Repetitive cycles of alienation, frustration, sorrow, and humiliation in the face of political injustice over decades find powerful expression in Le Dernier Appel (The Last Cry), the latest interrogation by Marrugeku Dance Theatre of the deleterious effects of colonisation on the indigenous peoples of Australia and her neighbours. Commissioned by Carriageworks (Sydney), the Centre Culturel Tjibaou Nouméa, and Melbourne’s Arts House, Le Dernier Appel appears as the Australian government refuses to act on constitutional reform for Indigenous people, and New Caledonia approaches a contentious referendum on independence from France. (New Caledonia was colonised in the 1840s by Christian missionaries, and soon after by the French as a penal colony, and later for commercial enterprise.)
The production opens in an atmosphere of anxiety. Fidgety dancers attempt individualistic gestures then censor themselves, listening to a soprano lament, which swells and fills the air. Like the characters in Beckett’s Waiting for Godot (a reference point for the artists), they seem to wait, make desultory gestures or conversations, their dances reflecting fear, boredom, or fixation on something invisible. Amrita Hepi, in black silk, makes a ritual of plain rectangular shapes and semaphoric waves, thoroughly focused, unruffled. Dalisa Pigram, in yellow overalls, moves like a silky seal in curvilinear repetitions, which, over time, flourish into a fury. Nervous, pale Miranda Wheen, in jeans, seems at first out of place, fair, young, powerless, but tenderly passionate. Each of their dances feels like a private ritual, a pacifier, some form of solace.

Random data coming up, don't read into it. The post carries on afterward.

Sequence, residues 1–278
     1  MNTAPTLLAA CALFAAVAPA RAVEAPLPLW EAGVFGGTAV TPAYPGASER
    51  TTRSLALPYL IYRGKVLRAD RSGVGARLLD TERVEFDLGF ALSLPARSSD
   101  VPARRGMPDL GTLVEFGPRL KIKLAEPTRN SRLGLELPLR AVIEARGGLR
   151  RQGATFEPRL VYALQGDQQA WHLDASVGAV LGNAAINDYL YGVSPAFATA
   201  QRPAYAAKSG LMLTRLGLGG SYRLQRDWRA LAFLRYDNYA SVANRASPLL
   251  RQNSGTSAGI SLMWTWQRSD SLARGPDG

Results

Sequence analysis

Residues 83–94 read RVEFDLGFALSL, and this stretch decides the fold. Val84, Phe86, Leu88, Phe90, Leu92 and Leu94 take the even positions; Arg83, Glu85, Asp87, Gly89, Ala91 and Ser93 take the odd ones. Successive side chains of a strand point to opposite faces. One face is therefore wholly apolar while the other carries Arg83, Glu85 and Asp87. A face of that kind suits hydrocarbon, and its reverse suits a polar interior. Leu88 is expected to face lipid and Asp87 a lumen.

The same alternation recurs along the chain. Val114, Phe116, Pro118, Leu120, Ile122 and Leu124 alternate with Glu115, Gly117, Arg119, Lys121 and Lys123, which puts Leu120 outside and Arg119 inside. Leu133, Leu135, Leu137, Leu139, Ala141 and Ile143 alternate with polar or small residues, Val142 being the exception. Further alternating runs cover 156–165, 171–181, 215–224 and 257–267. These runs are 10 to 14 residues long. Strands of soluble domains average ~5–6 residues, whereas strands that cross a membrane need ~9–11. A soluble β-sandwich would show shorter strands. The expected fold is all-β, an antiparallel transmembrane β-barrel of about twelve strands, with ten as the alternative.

Liberated by new, stronger music, the dancers rephrase their rituals into grittier moods, sticky posturings, couplings, or accumulations. Young Krilin Nguyen stacks up hip hop rolls and head spins, cool and sanguine throughout; sitting still, he observes all around him as a growing reiteration of solos, danced singly or simultaneously, cross and circle the space. The ever-present anxiety leads to panic, rage, and even more bizarre states of mind. In one case, Yoan Ouchot, fine as a reed, often looking trapped in his head, or someone on hallucinogens, struggles to make a tight, neat ballet that might have come from Louis XIV’s court. Propelled by a burst of energy, Stanley Nalo whips his head of long dreadlocks into a frenzy as he rolls and rises like a porpoise, only to fling his body back to the floor then start all over again.